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Then quite dangerously I started buying foodstuff that complemented my sandwich addiction, I started getting DVDs to make my sandwiches worthwhile and drinking more and more soda to make everything last longer. So much was my ‘me’ time taking over my life that I would resent anything or anyone that came between us. I wanted to be home on weekend nights and even wanted my husband to go to sleep early so I could enjoy this time by myself. I dislike guests staying late and hated it if the kids got sick and I was too exhausted to stay up for my addiction.

At one point; around 20 pounds overweight and quite mentally deranged, I realized that this was becoming a very ‘unhealthy’ obsession. Late night high carb food and resenting your own family has its toll on your mind and body. I do enjoy my sandwiches but now I make them for picnics or weekend movie dinners with the kids. And yes I am much healthier, still a little obsessed but with healthier things now.

What it’s like to be a Foodie!

Written by Fatima Fizza

Edited by Pragya Shrivastava

The importance of cooking was made clear to me in that one month which I had spent in a single room of an Army mess. I had never really considered cooking as an important act in my life. My mother cooked and when she was tired or needed help our trusted manservant of long would pitch in and his food, although not exceptionally good was passably bearable. On weekends, holidays and trips abroad we ate out, Mediterranean, seafood from around the world and pizza were the staple favorites of the family (it wasn’t easy to agree on a single restaurant since we were a large family).

Even while travelling we mostly stayed in furnished apartments to allow for the occasional ‘roti and salan’ craving to be easily fulfilled. My mother, may God keep that excellent woman in great health always made it seem so easy. Then I got married and moved in with my in-laws. My mother in law was a keen cook too and despite being a working lady her kitchen ran smoothly and staple homemade food kept my stomach satisfied.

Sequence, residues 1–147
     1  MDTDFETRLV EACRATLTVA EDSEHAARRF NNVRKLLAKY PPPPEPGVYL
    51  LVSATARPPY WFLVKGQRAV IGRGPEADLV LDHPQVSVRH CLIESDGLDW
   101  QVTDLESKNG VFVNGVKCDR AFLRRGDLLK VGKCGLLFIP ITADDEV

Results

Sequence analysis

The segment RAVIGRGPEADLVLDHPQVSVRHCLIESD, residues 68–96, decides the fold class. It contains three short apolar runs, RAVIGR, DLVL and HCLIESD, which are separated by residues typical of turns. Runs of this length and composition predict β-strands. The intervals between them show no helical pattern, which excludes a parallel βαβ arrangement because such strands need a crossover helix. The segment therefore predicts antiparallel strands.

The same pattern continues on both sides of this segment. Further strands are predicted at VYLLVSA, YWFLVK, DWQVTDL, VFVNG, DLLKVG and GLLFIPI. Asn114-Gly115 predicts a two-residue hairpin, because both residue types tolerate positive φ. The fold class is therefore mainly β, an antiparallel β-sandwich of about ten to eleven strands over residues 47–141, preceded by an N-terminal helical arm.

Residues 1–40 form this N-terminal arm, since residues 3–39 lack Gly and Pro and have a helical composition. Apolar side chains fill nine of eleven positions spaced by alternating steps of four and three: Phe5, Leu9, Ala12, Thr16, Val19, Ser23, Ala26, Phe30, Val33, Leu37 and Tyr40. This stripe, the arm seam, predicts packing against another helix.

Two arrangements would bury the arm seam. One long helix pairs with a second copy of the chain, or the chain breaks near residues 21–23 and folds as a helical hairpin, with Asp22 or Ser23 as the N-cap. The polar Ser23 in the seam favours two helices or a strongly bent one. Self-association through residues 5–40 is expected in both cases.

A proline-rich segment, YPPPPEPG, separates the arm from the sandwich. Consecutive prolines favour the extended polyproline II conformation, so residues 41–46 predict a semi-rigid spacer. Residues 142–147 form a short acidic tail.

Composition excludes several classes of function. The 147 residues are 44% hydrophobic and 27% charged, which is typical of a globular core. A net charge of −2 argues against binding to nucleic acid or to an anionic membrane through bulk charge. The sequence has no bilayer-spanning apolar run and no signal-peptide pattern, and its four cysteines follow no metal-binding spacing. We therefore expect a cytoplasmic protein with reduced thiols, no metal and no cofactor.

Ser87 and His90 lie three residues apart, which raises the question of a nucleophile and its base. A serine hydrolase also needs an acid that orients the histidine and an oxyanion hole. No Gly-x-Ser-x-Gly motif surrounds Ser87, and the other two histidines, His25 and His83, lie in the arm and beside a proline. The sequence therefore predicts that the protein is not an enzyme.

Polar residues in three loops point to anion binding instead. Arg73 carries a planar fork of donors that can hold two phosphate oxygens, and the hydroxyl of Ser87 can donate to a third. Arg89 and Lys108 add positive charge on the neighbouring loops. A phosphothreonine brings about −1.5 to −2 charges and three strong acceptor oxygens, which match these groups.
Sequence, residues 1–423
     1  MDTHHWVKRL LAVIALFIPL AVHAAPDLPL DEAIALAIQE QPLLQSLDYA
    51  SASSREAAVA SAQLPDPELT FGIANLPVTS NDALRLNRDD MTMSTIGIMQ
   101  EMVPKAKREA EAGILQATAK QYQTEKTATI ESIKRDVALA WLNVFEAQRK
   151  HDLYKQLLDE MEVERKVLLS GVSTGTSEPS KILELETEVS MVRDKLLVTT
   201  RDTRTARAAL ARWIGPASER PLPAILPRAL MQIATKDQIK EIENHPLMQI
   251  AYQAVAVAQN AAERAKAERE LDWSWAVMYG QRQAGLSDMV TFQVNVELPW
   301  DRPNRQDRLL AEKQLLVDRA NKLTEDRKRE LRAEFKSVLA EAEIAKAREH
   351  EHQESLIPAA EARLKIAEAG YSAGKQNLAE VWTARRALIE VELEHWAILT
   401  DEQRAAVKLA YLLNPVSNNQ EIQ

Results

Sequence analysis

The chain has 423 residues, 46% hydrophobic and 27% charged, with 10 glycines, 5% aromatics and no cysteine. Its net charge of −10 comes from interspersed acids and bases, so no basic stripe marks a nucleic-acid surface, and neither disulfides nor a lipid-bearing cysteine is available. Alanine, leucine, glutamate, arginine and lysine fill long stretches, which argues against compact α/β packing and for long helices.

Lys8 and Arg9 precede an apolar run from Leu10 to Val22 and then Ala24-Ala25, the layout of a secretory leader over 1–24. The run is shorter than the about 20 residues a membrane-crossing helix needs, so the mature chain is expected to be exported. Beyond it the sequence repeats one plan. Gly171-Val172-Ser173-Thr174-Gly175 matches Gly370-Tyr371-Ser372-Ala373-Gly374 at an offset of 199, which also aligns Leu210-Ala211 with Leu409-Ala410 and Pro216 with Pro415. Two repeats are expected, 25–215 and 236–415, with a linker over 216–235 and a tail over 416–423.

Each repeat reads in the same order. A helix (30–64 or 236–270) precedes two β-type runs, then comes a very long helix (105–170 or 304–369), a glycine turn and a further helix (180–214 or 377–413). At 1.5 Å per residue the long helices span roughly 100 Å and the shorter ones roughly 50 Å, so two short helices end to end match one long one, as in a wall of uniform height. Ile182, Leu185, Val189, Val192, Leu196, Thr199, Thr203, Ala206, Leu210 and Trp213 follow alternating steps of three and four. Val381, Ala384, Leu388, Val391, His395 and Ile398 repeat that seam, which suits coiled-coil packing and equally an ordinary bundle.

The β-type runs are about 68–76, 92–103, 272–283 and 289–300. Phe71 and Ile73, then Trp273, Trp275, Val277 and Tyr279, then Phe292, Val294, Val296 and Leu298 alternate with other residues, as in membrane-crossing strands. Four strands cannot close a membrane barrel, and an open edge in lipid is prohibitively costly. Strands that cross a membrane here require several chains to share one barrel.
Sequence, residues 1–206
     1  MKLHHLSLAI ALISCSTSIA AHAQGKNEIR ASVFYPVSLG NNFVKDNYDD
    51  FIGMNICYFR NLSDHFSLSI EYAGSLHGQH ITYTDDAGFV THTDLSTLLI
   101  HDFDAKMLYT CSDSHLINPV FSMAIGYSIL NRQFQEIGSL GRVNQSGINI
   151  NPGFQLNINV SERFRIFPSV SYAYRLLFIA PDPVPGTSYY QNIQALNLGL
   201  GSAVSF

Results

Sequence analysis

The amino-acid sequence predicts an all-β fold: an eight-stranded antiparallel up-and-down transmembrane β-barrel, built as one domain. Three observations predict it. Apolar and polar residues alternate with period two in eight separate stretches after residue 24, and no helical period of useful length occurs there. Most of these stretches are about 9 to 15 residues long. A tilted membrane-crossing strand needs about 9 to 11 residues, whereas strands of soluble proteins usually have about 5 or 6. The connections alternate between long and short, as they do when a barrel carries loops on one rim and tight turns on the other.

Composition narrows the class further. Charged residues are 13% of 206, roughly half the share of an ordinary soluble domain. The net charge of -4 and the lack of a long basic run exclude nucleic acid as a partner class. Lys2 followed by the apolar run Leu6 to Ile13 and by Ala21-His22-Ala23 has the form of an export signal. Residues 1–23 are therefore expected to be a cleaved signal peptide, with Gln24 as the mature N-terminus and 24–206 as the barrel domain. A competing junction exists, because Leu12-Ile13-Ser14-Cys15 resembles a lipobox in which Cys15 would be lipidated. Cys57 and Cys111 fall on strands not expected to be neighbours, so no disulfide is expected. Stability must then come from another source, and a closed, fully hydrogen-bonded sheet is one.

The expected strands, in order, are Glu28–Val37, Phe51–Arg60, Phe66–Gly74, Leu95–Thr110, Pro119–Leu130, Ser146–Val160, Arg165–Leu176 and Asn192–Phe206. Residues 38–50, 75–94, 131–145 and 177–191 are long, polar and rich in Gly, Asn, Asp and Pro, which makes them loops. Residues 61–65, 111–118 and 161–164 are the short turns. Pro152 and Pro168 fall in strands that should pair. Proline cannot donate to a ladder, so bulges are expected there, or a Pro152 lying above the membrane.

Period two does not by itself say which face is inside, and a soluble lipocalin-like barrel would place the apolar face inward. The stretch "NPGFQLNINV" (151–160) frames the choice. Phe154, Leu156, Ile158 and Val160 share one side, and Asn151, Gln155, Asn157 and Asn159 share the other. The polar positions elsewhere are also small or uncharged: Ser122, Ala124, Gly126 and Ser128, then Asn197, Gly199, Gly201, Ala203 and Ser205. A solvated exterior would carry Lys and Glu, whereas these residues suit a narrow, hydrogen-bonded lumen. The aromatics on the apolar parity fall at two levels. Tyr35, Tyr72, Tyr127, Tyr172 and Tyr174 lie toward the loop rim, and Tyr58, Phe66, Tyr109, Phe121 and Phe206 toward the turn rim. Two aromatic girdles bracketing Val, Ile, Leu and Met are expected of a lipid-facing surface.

Although there was a difference in taste and variety, my inner cook still lay sleeping and setting foot inside the kitchen was not something I did much often except for the occasional baking. Cakes and Pizza I can bake since I was in grade school and except for a few special dinners and an occasional soup I was not tempted to be in the kitchen.

Then there came that one month when I was stuck in a single room and even though the mess waiters lined up daily to receive orders for any menu on this side of the Kabul River, whatever they presented each evening tasted oddly alike and of nothing I could put my finger on. So, it was this oxygen food (tasteless and odorless) that made me start wishing for a place of my own which must include a kitchen. The moment my husband and I shifted into our first new house, I focused on setting up the kitchen first (which is one place in the house where a woman who cooks spends a good part of her life).

IMG_2369With the expert help of my mother I did go about this task and started this wonderful journey of self-discovery which is cooking. Cooking is the other side of the coin which spells Foodie!


I am the average woman, trying to run a house, bring up well behaved children and balance relationships all the while trying to make something of my life. Unlucky to have been born with absolutely no idea what I wanted to do with my life, I have been lucky to have life throw me a pretty amazing mix of everything and I have been learning on the job. I am an avid lover of nature, i love to read and write and occasionally paint. I’m blogging to share my personal experiences in case they prove to be of help to other thirty somethings and if not then be a source of amusement and humour. So do forgive me for my excesses in advance and comment to share your own take on my musings.